It’s his same indwelling of the Holy Spirit, but in Jesus, that’s at the beginning of today’s gospel text. Luke sets the stage by reminding us in the very first line of this story that Jesus is filed with the Holy Spirit as these temptations begin. As the story unfolds, Jesus is tempted with three things: bread – sustenance. Power and authority, and you can throw wealth into here as well. And safety and security. Truly, pretty much any temptation that Jesus, or we, could ever face is just a variation on one of those three themes. The preacher David Lose has written that what we can see in each of these types of temptation is an attempt to undercut Jesus’ confidence in his relationship with God; to undermine his true identity and to get him to accept an artificial, lesser one.

It’s the same with us, too. When we’re being tempted, it always distills down to a temptation to stray away from our relationship with God and our true identity as a child of God that’s defined by that relationship.

In each of these three instances with Jesus, Satan tries to instill doubt, to undermine Jesus’ confidence in God. Satan tries to get Jesus to feel that who he is, what he is, in his relationship with God is somehow insufficient. It’s lacking something. It isn’t enough as-is. And in each case, Jesus resists the temptation by using scripture to remind Satan, and undoubtedly himself, of his identity as a beloved child of God – and that in that identity, he has enough and is enough. But not only is he merely enough, he’s actually so much more than that – he is precious, and of infinite worth in the eyes of God. And that is everything.

And in the same way, because the same Spirit dwells within us, we share that same identity. Each and every one of us is also a precious child of God. And that is everything.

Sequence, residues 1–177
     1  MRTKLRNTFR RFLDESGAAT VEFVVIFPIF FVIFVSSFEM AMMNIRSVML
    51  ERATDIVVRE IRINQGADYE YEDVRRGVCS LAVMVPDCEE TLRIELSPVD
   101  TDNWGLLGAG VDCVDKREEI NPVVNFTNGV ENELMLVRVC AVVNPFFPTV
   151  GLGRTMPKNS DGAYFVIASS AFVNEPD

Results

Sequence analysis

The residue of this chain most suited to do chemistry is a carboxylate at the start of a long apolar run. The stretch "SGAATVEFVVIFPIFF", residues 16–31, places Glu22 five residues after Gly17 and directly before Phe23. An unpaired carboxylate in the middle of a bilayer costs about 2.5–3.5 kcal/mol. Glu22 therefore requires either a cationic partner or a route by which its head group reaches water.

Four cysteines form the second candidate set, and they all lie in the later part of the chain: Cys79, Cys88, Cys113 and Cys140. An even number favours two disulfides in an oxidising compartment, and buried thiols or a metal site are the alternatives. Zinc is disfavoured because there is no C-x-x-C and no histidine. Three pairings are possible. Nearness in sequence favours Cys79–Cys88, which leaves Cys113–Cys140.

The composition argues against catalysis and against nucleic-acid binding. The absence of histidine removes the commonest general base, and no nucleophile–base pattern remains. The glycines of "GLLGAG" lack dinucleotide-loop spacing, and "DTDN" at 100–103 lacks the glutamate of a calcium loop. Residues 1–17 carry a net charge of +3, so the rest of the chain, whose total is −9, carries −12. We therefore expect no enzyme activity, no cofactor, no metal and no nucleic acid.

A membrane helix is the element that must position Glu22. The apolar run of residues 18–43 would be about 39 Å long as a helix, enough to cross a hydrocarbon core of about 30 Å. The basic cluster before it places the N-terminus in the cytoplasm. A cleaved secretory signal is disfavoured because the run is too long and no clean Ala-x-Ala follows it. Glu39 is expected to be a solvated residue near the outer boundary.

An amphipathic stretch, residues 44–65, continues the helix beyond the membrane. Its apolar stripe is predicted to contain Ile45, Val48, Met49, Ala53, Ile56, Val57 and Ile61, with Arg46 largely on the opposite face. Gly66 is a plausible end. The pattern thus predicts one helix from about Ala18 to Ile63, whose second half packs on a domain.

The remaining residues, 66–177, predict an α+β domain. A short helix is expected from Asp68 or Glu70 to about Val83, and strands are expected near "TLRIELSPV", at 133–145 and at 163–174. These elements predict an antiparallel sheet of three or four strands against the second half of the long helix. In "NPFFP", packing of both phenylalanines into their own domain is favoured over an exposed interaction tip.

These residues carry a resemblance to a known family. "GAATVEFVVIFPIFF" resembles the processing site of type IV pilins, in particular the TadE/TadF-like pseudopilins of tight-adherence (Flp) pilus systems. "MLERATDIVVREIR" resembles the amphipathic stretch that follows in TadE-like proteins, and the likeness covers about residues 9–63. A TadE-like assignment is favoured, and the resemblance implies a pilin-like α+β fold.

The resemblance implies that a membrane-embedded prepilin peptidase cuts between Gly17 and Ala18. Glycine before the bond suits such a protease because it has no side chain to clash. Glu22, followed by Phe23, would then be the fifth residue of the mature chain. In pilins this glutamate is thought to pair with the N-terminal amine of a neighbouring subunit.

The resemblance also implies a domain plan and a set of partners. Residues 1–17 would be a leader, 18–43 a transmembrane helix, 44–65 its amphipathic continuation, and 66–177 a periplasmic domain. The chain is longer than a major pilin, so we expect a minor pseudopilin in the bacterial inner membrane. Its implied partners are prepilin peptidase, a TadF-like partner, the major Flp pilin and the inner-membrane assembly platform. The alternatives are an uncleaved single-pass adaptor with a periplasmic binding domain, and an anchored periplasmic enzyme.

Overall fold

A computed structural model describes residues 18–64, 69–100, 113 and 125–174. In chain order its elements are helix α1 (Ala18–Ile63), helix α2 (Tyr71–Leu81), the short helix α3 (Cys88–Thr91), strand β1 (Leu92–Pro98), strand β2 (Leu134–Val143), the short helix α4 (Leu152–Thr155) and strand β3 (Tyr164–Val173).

In countless ways, the world around us tries to make us forget that identity. To forget how precious we are. To think that we’d be better off following another path. The season of Lent is all about taking time, and allowing this one thing, the Holy Spirit within us, to remind us, to refocus us, on our true identity as precious children of God; and reinforcing this truth within us, that there is nothing in this world, nothing, no matter how tempting it may sound, that could possibly compare with what we already have, and already are.

There’s another scene in “Bridge of Spies” where Abel, the spy, has just lost his case. He and Donovan are in a private meeting, and Donovan is going through all their possible options, filing an appeal and so on. As they’re talking, Abel tells Donovan that he reminds him of a man he’d known when he was a child in Russia. He saw this man, along with his own parents, being beaten by a group of partisan border guards. They beat this man and knocked him to the ground, but when they did, he stood back up. This angered the men, so they beat him to the ground again, only this time beating him even harder. But still, the man got up again. This went on several times, beating the man  to the ground and the man getting back up each time. The men beating him couldn’t believe it, and in their disbelief, they called him “Stoichi Mujic” – Russian for “Standing Man,” and out of respect for his perseverance and determination, they finally left him alone.

In this gospel text, Jesus is most definitely a “stoichi mujic” – a standing man, standing again and again in the face of Satan’s multiple temptations. In a few weeks, we’ll hear the account of him being a stoichi mujic again – refusing to deny his identity and standing up against being interrogated by Caiaphas, and Herod, and Pontius Pilate. And finally, we’ll celebrate the morning where he was a stoichi mujic once more time – when he removed the cloth covering his face, and stood up against death itself as he rose to his feet in the darkness of his tomb on that first Easter Sunday.

This Lent, let’s remember the reality of this one thing that unites us – the Holy Spirit who dwells in Jesus and who dwells in us, too; and that with the help of that Holy Spirit, we can be “standing people” ourselves – standing up to temptation, and even more importantly, against whatever else the world might throw at us, holding on to our true identity as God’s own beloved.

Thanks be to God.